Toys most likely products to contain banned chemicals

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An alarming analysis of EU data has discovered that toys — more than any other product type — are most likely to contain illegal levels of toxic substances banned by the EU as a result of their carcinogenic, mutagenic or toxic to reproduction (CMR) properties.

Dolls, modelling clay, slime, balls and balloons were among 290 toys found to contain illegal levels of toxic substances according to an analysis of alerts shared by governments across Europe in 2018.

Warnings in 2018 of products found with illegal levels of banned substances have been issued about 290 toys. Most (86%) were plastic toys. Other types of product that failed chemical checks include clothing, cosmetics and jewellery. Of equal concern, five items of protective equipment failed the test.

The European Environmental Bureau (EEB) analysed data issued by Rapex during 2018 on products that underwent testing. Of the 1996 products of all types checked for all risks, 563 failed chemical tests. EEB Chemicals Policy Manager, Tatiana Santos, said: “We are happy to see agents blocking dangerous toys. Sadly, they are fighting a losing battle. Manufacturers do not fear the law and government inspectors are outnumbered and outgunned. With the UN talking about a silent pandemic of disease due to chemical exposure, we need proper chemicals control and enforcement more than ever. Yet, the EU just put a wide ranging and overdue strategy to tackle the problem on ice. It should reverse that decision. And in the meantime, shoppers this Christmas might want to try and avoid plastic toys altogether.”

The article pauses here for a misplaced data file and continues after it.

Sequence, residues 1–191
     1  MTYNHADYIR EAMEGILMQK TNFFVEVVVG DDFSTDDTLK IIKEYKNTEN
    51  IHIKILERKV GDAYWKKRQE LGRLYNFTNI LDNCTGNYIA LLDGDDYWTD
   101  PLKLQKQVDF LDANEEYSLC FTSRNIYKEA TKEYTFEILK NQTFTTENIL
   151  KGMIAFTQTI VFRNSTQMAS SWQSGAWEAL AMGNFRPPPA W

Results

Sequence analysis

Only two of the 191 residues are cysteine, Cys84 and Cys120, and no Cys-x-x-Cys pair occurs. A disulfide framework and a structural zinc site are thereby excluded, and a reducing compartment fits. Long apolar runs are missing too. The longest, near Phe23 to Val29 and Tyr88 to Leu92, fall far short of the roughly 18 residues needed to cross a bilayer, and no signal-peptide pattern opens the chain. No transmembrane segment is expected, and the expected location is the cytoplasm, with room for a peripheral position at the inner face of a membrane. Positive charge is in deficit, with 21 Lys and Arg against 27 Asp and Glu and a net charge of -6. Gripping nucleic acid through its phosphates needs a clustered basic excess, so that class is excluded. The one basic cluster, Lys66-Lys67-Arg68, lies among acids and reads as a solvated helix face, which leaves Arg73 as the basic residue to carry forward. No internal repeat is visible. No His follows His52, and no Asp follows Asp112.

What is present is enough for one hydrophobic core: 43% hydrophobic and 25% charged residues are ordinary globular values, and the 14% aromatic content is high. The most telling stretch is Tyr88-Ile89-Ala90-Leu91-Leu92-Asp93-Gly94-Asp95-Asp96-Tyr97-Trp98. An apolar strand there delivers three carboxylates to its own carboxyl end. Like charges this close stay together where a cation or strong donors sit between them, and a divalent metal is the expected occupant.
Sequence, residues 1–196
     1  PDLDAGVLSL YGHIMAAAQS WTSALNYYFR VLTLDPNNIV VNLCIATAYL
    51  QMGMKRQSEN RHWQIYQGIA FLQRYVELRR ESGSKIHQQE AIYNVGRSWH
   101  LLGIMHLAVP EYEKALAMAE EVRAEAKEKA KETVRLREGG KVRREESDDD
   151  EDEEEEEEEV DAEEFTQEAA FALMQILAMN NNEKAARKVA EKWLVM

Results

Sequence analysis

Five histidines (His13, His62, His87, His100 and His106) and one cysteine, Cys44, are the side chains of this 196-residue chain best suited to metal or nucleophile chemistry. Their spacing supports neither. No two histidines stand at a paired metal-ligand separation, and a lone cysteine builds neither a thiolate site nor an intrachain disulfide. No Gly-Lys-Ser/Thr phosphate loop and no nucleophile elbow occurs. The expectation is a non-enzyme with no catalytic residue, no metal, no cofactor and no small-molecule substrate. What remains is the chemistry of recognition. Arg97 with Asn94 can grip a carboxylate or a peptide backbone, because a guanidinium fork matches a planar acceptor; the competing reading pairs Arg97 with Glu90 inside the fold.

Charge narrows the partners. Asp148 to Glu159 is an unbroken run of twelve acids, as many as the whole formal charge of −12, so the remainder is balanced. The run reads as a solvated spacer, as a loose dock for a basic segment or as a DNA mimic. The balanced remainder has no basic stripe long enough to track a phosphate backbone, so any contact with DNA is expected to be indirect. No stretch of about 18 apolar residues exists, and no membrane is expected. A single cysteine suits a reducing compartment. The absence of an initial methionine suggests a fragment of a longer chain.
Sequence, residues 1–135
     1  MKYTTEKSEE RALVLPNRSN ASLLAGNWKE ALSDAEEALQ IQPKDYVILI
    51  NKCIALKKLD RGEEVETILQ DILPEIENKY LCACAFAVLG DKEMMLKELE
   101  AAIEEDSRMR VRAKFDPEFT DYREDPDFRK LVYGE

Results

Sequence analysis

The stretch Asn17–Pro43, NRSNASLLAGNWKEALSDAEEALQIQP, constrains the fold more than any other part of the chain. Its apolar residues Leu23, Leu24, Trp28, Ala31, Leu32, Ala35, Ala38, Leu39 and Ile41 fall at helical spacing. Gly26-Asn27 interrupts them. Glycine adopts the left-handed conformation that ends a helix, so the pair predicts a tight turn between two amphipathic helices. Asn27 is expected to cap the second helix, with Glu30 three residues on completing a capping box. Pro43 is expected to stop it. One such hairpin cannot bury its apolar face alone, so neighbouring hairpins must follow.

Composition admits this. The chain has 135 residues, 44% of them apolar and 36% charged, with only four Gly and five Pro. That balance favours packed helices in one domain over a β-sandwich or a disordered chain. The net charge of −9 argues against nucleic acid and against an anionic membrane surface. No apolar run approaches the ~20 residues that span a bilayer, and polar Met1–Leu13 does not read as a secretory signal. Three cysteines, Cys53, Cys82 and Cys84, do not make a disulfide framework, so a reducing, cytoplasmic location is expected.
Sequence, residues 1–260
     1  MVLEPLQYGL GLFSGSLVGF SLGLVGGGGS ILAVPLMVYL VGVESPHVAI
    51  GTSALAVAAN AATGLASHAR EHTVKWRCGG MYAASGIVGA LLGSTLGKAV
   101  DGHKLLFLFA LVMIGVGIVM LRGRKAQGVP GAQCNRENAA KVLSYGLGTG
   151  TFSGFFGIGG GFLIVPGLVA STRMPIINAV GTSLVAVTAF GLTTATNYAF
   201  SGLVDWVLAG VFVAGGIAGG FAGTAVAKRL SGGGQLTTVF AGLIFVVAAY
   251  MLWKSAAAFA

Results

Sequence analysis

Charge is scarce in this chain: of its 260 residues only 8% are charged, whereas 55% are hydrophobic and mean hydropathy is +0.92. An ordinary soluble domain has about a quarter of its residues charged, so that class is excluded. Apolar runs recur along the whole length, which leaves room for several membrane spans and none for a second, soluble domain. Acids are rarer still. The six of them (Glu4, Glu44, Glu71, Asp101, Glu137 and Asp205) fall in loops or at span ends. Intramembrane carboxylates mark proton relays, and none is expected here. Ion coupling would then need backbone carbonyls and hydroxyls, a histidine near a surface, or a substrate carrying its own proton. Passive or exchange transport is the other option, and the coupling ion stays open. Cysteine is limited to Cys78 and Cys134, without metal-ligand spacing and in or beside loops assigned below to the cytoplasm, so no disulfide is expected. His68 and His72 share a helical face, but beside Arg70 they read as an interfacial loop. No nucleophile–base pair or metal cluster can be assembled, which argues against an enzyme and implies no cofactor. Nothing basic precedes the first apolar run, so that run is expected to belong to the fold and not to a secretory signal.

Last reviewed 28 December 2018

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